Infused cannabis products won’t be widely distributed in Canada until 2020, according to one of the leading experts in the field – but businesses shouldn’t drag their feet on preparations.
Regulatory hurdles and logistical challenges will likely push distribution of most products into 2020, according to Tom Ulanowski, president of Vancouver, British Columbia-based Nextleaf Labs.
Vape pens or some concentrates, such as kief or distillate, may be available in limited quantities this year, since Health Canada is already somewhat familiar with those.
“Although these new regulations may come into force earlier than Oct. 17, we probably won’t see many – if any – of these new products hit the shelves until after January 2020,” he said.
“What this means is that despite regulations related to new cannabis products – such as edibles, beverages, vape pens, concentrates/extracts and topicals – coming into force by Oct. 17, 2019, companies will have to give the regulator this advanced 60-day notice to ensure the new product meets the new regulatory requirements,” Ulanowski said.
The 60 days should be seen as a minimum.
Regulators will want to review:
- Product manufacturing equipment and procedures.
- Sanitation procedures.
- Raw ingredient specifications.
- Sampling protocols.
- Testing methodologies.
- Packaging procedures.
- Labeling and packaging information.
- Data on product stability, consistency and overall safety.
“All of this information takes time to compile and review – and certain products may require site inspections before approval is granted,” Ulanowski said.
After that, the company will have to negotiate terms and logistics with provincial distributors and retailers, which could add more time to the overall process.
“As such, we probably won’t see much product diversity until the second half of 2020,” he said.
But now isn’t the time for companies to procrastinate.
“The clock is ticking. Licensed companies have less than six months to prepare their notices to Health Canada, so the best strategy right now is to make sure the production, quality, marketing and sales teams work diligently to compile the necessary paperwork for submission of this notice as soon as it is possible to do so,” Ulanowski said.
“I suspect that companies that wait to submit their notice may face additional delays, as regulatory resources may be at a premium during the weeks and months after these new regulations come into force.”
A taste of what’s to come
Ulanowski knows what it takes to get a new product to market.
He led a team at Canna Farms – a federal license holder – to bring the first whole-plant cannabis concentrate to market in 2018.
“The entire process took about 3-4 months, with a few rounds of questions/responses and even a site inspection,” he said.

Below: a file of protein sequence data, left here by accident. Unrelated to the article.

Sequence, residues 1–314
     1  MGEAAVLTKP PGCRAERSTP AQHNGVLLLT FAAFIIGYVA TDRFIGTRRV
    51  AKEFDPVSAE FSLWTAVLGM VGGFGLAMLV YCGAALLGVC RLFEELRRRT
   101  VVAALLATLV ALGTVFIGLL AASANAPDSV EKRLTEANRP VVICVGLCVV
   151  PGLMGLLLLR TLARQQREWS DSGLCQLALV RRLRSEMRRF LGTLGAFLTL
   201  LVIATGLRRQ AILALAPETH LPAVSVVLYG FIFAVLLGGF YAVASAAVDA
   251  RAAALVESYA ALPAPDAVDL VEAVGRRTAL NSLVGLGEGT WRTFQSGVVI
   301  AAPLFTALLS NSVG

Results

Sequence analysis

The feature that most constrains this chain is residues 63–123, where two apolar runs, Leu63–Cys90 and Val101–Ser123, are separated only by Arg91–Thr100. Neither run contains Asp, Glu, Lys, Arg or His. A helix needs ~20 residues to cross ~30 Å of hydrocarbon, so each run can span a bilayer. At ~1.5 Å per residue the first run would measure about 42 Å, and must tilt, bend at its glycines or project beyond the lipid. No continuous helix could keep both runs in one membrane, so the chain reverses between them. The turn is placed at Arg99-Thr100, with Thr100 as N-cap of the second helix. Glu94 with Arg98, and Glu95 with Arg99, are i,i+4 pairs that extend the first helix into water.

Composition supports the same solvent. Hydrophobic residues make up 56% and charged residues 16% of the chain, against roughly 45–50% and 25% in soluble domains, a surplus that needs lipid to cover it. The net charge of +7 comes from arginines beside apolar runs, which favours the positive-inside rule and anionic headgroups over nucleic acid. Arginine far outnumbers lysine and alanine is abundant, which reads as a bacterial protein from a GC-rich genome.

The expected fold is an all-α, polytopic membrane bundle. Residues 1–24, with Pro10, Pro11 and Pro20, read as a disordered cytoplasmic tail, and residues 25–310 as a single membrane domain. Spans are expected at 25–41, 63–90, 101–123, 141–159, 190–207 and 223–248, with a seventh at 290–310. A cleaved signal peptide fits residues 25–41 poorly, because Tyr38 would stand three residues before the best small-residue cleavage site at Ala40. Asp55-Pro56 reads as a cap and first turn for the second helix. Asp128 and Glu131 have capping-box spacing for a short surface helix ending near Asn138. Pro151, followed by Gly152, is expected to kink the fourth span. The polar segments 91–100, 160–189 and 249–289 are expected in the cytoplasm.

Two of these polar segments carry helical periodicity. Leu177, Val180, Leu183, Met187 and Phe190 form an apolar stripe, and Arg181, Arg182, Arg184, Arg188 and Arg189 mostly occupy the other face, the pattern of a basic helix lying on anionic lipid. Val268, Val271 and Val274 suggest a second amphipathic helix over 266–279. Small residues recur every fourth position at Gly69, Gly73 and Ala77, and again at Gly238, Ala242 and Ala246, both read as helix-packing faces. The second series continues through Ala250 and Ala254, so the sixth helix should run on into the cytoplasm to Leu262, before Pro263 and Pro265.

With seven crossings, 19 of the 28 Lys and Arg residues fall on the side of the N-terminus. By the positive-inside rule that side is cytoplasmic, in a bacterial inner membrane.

“This was a brand-new product that was never sold publicly on the Canadian legal cannabis market, so there was a lot of due diligence from Health Canada that contributed to this relatively lengthy process.”
The 60-day notice did not apply then.
“The process of getting our kief product approved was quite involved,” he said.
“We had to submit plenty of paperwork and documentation to support our proposal and manufacturing process and ‘prove’ to the regulator that this new product met all requirements under the ACMPR (Access to Cannabis for Medical Purposes Regulations), from inception until packaging and sale.
“We were successful in receiving approval because we were able to provide evidence that our manufacturing, sanitation, packaging, testing, labeling and recordkeeping procedures complied with the applicable regulations and fell within the definition of ‘dried cannabis’ at the time.”
‘Up to them’
There will be no way for companies to shorten or skip the 60-day rule to notify Canadian regulators of new cannabis products.
However, most businesses will need that time to build up inventory and establish sales infrastructure, analysts say, to avoid some of the problems that plague early sales of adult cannabis – namely inconsistent inventory.
“How long it takes them to make products is mostly up to them – other than the license amendment that they would be required to submit,” Health Canada spokeswoman Tammy Jarbeau said.
Health Canada’s control over how long it takes a license holder to get a new product to market includes the 60-day notice and the department setting out the rules and requirements that they must meet, she said.
For dried cannabis, fresh cannabis and oil, it is proposed that a processing license would be required to manufacture edibles, extracts and topicals as well as to package and label these products for sale to consumers.
The final regulations are expected to be released in the coming months.
“Licensed processors must apply to Health Canada to amend their license and demonstrate that they meet all of the regulatory requirements for the new classes of cannabis prior to being able to sell them,” Health Canada noted.
New Health Canada rules
Last week, Canada introduced major changes to the application process that are still reverberating through the industry.
New applicants for licenses to cultivate, process or sell medical or recreational cannabis must have a fully built site at the time of their application, rather than just a plan for completion.
Ulanowski hopes the changes could lead to a more diverse cannabis product landscape in 2020 as new licenses are issued to companies looking to focus on cannabis processing and infused product manufacturing.
“Still, I don’t suspect that this will substantially accelerate availability of these new products in late 2019 or early 2020, given that it still takes many months for Health Canada to review submitted site-evidence packages, schedule a subsequent inspection and issue licenses for both production and sale,” he said.